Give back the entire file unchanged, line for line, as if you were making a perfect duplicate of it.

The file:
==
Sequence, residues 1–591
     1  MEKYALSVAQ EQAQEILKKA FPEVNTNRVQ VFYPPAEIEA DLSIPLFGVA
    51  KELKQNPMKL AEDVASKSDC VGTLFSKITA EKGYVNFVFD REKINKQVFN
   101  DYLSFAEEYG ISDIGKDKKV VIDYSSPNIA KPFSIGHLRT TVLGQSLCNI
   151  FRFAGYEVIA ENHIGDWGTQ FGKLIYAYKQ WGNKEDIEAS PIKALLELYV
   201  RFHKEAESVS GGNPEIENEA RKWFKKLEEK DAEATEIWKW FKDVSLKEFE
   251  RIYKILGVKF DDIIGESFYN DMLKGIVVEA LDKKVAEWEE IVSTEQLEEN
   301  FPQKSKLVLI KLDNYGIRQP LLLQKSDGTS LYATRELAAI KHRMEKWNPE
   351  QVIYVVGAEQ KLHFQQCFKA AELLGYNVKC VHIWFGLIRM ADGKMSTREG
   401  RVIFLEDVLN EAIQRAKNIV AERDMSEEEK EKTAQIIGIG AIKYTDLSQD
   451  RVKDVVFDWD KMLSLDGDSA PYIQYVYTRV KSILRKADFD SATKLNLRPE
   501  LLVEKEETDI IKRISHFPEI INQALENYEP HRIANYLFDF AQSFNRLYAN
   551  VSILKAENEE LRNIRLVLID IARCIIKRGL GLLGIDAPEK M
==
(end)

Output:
Sequence, residues 1–591
     1  MEKYALSVAQ EQAQEILKKA FPEVNTNRVQ VFYPPAEIEA DLSIPLFGVA
    51  KELKQNPMKL AEDVASKSDC VGTLFSKITA EKGYVNFVFD REKINKQVFN
   101  DYLSFAEEYG ISDIGKDKKV VIDYSSPNIA KPFSIGHLRT TVLGQSLCNI
   151  FRFAGYEVIA ENHIGDWGTQ FGKLIYAYKQ WGNKEDIEAS PIKALLELYV
   201  RFHKEAESVS GGNPEIENEA RKWFKKLEEK DAEATEIWKW FKDVSLKEFE
   251  RIYKILGVKF DDIIGESFYN DMLKGIVVEA LDKKVAEWEE IVSTEQLEEN
   301  FPQKSKLVLI KLDNYGIRQP LLLQKSDGTS LYATRELAAI KHRMEKWNPE
   351  QVIYVVGAEQ KLHFQQCFKA AELLGYNVKC VHIWFGLIRM ADGKMSTREG
   401  RVIFLEDVLN EAIQRAKNIV AERDMSEEEK EKTAQIIGIG AIKYTDLSQD
   451  RVKDVVFDWD KMLSLDGDSA PYIQYVYTRV KSILRKADFD SATKLNLRPE
   501  LLVEKEETDI IKRISHFPEI INQALENYEP HRIANYLFDF AQSFNRLYAN
   551  VSILKAENEE LRNIRLVLID IARCIIKRGL GLLGIDAPEK M